If you’re ready to increase the return on your leadership development investment contact me at cheryl@csbryan.com

Want to be a Better Negotiator?

Unless you are a professional negotiator you may not enjoy this aspect of doing business.  Many of us avoid negotiating because we don’t like confrontation, we are uncomfortable advocating for ourselves and/or we don’t want to lose.

Whether we are negotiating with a business partner or a family member, emotions can get the best of us.  The author of this Harvard Business Review article Emotion & the Art of Negotiation says, “Bringing anger to a negotiation is like throwing a bomb into the process.”

One way to reduce negative emotions even in the most contentious negotiation is an exercise called “Just Like Me,” which asks us to consider:

  • This person has beliefs, perspectives and opinions, just like me.
  • This person has hopes, anxieties and vulnerabilities, just like me.
  • This person has friends, family and perhaps children who love them, just like me.
  • This person wants to feel respected, appreciated and competent, just like me.
  • This person wishes for peace, joy and happiness, just like me.
  • Because this person is a human being, just like me.

I invite you to try making these statements out loud.  Then notice how you feel about the person on the other side of the negotiating table and envision how the outcome might change.

How Gritty Are You?

During performance review season did you find yourself wondering why people with similar qualifications differ in what they are able to achieve?  Angela Duckworth https://angeladuckworth.com/ decided to find the answer to that question by interviewing high achievers like JPMorgan Chase CEO Jamie Dimon and Seattle Seahawks Coach Pete Carroll.  She also conducted research at West Point and in urban college preparatory schools like YES Prep in Houston.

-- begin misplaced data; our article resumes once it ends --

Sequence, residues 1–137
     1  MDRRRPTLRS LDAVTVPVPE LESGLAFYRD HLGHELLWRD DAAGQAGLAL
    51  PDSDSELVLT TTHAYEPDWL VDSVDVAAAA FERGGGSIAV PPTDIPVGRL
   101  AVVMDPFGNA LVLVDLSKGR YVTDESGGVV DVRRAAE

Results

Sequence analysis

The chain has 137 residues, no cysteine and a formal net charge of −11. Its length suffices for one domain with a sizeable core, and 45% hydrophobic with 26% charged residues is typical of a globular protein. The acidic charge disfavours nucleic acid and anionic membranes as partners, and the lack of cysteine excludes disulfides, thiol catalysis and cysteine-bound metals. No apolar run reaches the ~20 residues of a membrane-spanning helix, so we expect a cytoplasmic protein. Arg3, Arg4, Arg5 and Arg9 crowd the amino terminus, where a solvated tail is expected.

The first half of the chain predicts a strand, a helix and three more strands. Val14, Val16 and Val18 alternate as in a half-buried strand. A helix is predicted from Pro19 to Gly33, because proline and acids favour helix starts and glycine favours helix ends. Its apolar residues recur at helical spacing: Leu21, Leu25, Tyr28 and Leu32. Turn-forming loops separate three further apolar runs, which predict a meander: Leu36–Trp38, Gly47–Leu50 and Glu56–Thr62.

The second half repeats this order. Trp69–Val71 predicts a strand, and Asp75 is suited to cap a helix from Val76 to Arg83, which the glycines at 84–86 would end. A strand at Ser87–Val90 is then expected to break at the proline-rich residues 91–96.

Duckworth concluded that the secret to outstanding achievement is a special blend of passion and persistence she calls grit, defined as “sticking with things over the very long term until you master them.”  The good news is that grit can be learned and improved over time.  How can you leverage grit to keep working toward your goals even when you face frustrations and setbacks?

To find out how “gritty” you are, take the test here Grit Scale.

Cake in the Car

A friend was taking a cake to a party so he drove very carefully. He accelerated slowly, made gentle turns and approached stop signs well in advance. When people started honking and yelling at him he wanted to say, “Hey! I don’t usually drive like this but I have a cake in the back seat.” He thought they would be more patient and understanding if they knew. Now when my friend sees drivers doing strange or annoying things, he tells himself there’s probably a reason — maybe they have a cake in the car or they are from out of town or they just got devastating news from the doctor.

When I heard this story I was reminded that we don’t always know what might be going on with someone in the next lane or the office down the hall. As we head into the holiday season, what would it be like if we commit to giving others the benefit of the doubt?